Chinese researchers have developed a special technology to tailor the edges of textured crystalline silicon (c-Si) solar cells, based on which the solar cells can be bent and folded like thin paper, allowing for broader application and use.
The breakthrough was achieved by Chinese researchers at the Shanghai Institute of Microsystem and Information Technology (SIMIT) under the Chinese Academy of Sciences. The results have been featured on the cover of the May 24 edition of Nature journal.
The c-Si solar cells fabricated with the new technology can be 60 millimeters thin with a bending radius of about 8 millimeters.
According to the Technology Daily, c-Si solar cells are type of solar cell seeing fast development at the moment. They have advantages including long service life and high conversion efficiency, making them a leading product in the photovoltaic market.
Such c-Si solar cells have a market share of more than 95 percent, according to Di Zengfeng, deputy head of the SIMIT, who is one of the authors of the research paper.
Although c-Si solar cells were developed nearly 70 years ago, their use is still limited, the paper explained. Currently, the c-Si solar cells are mainly used in distributed photovoltaic power stations and ground photovoltaic power stations. Hopefully, such solar cells can be used in construction, backpacks, tents, automobiles, sailing boats and even planes.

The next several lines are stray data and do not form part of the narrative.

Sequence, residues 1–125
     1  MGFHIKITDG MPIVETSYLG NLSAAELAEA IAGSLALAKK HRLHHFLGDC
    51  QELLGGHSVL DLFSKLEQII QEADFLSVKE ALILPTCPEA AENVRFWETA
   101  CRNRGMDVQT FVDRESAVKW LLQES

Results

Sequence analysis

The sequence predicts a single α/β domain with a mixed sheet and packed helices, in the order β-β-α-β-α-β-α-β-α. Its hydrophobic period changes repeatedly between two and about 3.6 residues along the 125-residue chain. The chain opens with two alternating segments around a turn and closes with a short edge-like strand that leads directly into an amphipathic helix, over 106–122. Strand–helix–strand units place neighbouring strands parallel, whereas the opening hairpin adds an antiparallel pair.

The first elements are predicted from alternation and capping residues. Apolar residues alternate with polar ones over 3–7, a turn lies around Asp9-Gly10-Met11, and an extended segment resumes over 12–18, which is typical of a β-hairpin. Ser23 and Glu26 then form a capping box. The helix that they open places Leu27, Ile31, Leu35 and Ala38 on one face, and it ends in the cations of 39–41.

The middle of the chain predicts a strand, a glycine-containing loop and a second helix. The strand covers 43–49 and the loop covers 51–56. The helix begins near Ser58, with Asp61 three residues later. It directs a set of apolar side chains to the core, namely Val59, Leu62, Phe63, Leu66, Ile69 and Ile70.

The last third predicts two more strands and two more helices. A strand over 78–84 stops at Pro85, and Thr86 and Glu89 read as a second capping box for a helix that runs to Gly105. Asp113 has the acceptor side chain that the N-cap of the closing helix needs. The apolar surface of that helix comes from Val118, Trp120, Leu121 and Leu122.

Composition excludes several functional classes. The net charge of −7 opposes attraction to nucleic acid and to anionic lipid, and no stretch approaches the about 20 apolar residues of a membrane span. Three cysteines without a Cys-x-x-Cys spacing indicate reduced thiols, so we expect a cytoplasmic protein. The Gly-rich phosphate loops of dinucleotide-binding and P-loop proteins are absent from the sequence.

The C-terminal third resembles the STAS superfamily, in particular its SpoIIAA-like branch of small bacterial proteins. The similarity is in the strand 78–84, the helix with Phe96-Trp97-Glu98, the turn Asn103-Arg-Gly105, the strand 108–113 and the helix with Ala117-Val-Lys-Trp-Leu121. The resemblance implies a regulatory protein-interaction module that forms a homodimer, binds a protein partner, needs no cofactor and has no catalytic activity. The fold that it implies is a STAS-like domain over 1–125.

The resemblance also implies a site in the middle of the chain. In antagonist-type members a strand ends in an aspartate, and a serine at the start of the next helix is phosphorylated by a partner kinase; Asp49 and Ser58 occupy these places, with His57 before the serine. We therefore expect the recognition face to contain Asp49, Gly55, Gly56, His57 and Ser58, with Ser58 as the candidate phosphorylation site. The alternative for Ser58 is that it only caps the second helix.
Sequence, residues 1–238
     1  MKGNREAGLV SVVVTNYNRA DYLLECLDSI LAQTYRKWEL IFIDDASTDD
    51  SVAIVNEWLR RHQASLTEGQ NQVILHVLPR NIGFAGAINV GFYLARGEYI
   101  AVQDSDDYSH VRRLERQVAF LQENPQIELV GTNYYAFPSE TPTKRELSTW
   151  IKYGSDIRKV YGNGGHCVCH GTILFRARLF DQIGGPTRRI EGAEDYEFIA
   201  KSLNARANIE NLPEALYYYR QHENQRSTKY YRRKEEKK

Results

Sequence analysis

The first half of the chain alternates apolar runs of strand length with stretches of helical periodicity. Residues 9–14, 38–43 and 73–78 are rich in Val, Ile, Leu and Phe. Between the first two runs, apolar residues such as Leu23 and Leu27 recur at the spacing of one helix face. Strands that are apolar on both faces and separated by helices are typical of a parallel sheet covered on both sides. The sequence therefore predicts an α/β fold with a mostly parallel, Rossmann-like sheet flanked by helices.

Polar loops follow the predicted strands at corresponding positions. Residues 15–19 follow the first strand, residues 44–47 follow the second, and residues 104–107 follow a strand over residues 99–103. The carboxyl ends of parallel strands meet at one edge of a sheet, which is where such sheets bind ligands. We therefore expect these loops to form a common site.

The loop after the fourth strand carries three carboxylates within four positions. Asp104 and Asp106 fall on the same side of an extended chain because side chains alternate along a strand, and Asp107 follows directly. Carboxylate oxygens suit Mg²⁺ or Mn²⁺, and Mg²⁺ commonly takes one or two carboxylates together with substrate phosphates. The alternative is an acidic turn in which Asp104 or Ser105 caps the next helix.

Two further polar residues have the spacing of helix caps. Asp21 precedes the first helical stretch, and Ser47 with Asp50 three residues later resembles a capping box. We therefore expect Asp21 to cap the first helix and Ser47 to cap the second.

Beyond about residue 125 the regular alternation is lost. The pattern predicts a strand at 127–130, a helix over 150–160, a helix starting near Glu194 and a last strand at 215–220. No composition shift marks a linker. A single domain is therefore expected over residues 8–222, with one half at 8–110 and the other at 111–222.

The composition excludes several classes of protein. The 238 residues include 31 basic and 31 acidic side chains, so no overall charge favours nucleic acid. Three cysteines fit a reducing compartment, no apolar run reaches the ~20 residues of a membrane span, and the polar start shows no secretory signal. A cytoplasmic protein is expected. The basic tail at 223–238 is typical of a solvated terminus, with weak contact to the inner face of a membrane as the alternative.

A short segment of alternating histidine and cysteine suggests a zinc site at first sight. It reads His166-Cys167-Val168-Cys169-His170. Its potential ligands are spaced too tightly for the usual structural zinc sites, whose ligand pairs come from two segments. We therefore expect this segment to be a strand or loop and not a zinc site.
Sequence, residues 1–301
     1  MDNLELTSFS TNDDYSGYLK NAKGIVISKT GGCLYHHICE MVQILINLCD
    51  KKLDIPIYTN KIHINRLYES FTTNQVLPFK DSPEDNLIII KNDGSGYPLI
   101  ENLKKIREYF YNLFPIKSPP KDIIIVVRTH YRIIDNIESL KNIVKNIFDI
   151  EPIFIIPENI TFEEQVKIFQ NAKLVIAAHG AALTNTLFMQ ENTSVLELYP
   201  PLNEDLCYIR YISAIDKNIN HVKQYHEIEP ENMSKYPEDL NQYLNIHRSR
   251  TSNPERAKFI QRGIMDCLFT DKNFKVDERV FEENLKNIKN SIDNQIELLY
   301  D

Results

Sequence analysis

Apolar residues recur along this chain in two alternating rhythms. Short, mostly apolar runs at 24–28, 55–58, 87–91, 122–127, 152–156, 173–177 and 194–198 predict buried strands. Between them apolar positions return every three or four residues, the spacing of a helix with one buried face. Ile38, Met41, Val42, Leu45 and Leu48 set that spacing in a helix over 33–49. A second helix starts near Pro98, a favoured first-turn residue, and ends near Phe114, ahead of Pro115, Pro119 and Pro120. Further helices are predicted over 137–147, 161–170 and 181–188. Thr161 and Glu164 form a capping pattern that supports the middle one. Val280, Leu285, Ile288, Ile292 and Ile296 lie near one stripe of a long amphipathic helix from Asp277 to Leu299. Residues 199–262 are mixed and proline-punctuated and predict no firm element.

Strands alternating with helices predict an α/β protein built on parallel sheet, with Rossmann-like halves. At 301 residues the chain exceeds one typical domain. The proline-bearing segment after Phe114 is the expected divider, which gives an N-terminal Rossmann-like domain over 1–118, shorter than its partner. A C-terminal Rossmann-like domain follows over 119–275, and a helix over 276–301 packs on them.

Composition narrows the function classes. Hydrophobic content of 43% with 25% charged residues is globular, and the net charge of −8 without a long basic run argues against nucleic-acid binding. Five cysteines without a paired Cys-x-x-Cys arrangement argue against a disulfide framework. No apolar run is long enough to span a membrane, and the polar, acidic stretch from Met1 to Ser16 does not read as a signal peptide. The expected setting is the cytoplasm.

They can also be used to generate clean energy for houses and a variety of portable electronic and communication devices as well as for transportation, according to the researchers.
Liu Zhengxin, a research fellow with the SIMIT, and another author of the paper, said that the study verified the feasibility of mass production, providing a technical route for the development of lightweight and flexible c-Si solar cells.
At the same time, the large-area flexible photovoltaic modules developed by the research team have been successfully applied in the fields of near-space vehicles, building photovoltaic integration and vehicle-mounted photovoltaic systems, Liu said.